Differential rotation in giant planets maintained by density-stratified turbulent convection

Gary A. Glatzmaier, Martha Evonuk, Tamara M. Rogers

Research output: Contribution to journalArticle

29 Scopus citations

Abstract

The zonal winds on the surfaces of giant planets vary with latitude. Jupiter and Saturn, for example, have several bands of alternating eastward (prograde) and westward (retrograde) jets relative to the angular velocity of their global magnetic fields. These surface wind profiles are likely manifestations of the variations in depth and latitude of angular velocity deep within the liquid interiors of these planets. Two decades ago, it was proposed that this differential rotation could be maintained by vortex stretching of convective fluid columns that span the interiors of these planets from the northern hemisphere surface to the southern hemisphere surface. This now classic mechanism explains the differential rotation seen in laboratory experiments and in computer simulations of, at best, weakly turbulent convection in rotating constant-density fluid spheres. However, these experiments and simulations are poor approximations for the density-stratified strongly-turbulent interiors of giant planets. The long thin global convective columns predicted by the classic geostrophic theory for these planets would likely not develop. Here we propose a much more robust mechanism for maintaining differential rotation in radius based on the local generation of vorticity as rising plumes expand and sinking plumes contract. Our high-resolution two-dimensional computer simulations demonstrate how this mechanism could maintain either prograde or retrograde surface winds in the equatorial region of a giant planet depending on how the density scale height varies with depth.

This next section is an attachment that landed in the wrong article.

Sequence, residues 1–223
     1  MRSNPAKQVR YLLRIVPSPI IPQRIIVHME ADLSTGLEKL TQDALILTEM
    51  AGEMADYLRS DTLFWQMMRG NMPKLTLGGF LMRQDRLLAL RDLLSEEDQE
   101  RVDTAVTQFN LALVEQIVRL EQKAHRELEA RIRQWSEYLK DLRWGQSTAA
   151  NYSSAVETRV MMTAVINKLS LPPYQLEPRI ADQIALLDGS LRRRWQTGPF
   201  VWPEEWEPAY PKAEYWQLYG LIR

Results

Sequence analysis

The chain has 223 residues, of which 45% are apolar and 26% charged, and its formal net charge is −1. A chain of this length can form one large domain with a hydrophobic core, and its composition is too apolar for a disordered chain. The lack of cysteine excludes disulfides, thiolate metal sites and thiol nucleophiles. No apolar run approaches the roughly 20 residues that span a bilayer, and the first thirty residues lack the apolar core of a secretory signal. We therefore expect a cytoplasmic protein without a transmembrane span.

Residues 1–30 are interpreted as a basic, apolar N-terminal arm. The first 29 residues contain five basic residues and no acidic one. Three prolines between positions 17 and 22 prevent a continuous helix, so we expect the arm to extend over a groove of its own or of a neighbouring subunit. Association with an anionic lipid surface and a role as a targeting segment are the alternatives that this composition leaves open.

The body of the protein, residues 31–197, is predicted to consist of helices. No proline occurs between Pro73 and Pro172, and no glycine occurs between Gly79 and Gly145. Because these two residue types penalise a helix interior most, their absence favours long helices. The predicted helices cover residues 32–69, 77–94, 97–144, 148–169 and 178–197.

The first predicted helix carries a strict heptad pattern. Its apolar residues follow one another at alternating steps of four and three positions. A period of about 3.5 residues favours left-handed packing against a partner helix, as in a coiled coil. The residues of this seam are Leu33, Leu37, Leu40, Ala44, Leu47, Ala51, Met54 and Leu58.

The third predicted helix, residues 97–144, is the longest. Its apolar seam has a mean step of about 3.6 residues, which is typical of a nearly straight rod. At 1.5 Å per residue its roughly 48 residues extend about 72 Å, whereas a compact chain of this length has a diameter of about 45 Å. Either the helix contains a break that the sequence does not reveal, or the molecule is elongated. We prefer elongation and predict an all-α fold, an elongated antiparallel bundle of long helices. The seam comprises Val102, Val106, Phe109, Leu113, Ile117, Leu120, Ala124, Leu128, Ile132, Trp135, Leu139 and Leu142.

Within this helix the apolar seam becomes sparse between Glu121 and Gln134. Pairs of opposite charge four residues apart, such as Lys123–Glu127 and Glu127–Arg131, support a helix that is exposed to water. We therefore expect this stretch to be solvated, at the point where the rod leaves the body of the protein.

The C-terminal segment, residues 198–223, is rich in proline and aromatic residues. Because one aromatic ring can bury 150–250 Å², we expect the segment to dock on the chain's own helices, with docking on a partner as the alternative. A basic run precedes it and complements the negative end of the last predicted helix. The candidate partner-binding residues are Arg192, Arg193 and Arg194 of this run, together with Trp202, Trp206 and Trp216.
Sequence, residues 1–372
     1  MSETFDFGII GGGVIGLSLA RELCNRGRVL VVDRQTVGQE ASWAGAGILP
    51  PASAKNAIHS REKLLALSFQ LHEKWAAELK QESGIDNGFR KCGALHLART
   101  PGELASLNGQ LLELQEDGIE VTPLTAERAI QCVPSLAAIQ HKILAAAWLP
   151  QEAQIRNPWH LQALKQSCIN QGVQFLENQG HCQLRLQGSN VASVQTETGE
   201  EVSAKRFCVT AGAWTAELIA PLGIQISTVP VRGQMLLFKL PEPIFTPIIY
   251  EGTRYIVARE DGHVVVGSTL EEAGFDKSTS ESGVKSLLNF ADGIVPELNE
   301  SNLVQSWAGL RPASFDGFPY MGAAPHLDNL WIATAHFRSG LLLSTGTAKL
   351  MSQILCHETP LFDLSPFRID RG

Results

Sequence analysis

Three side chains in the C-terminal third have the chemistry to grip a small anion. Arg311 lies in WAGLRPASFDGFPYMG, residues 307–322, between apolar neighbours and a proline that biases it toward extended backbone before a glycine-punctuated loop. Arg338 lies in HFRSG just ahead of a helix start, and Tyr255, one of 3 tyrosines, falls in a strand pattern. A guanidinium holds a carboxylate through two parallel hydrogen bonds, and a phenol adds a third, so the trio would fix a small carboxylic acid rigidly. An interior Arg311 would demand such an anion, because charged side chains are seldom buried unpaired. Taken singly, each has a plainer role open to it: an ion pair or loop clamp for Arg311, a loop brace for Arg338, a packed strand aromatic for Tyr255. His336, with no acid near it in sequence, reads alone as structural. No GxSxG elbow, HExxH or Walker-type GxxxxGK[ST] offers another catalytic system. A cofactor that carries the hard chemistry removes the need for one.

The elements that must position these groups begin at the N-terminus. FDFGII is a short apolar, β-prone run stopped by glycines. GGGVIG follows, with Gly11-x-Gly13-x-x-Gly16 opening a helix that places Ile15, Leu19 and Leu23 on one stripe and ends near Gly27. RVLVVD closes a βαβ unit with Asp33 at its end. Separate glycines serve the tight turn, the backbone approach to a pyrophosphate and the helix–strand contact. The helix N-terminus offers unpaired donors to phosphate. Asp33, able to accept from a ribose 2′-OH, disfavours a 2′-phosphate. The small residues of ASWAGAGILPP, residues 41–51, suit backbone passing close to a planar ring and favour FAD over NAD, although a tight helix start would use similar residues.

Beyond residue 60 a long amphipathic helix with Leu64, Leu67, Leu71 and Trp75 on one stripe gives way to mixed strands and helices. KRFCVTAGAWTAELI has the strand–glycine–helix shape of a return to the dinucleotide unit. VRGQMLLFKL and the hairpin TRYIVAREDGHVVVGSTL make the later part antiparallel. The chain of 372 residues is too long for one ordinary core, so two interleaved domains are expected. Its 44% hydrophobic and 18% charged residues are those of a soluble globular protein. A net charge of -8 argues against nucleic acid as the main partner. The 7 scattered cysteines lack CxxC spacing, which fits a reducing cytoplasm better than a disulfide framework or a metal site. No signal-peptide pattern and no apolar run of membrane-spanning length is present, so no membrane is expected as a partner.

Original languageEnglish (US)
Pages (from-to)31-51
Number of pages21
JournalGeophysical and Astrophysical Fluid Dynamics
Volume103
Issue number1
DOIs
StatePublished - Jan 1 2009

Keywords

  • Density-stratification
  • Differential rotation
  • Giant planet interiors

ASJC Scopus subject areas

  • Computational Mechanics
  • Astronomy and Astrophysics
  • Geophysics
  • Mechanics of Materials
  • Geochemistry and Petrology

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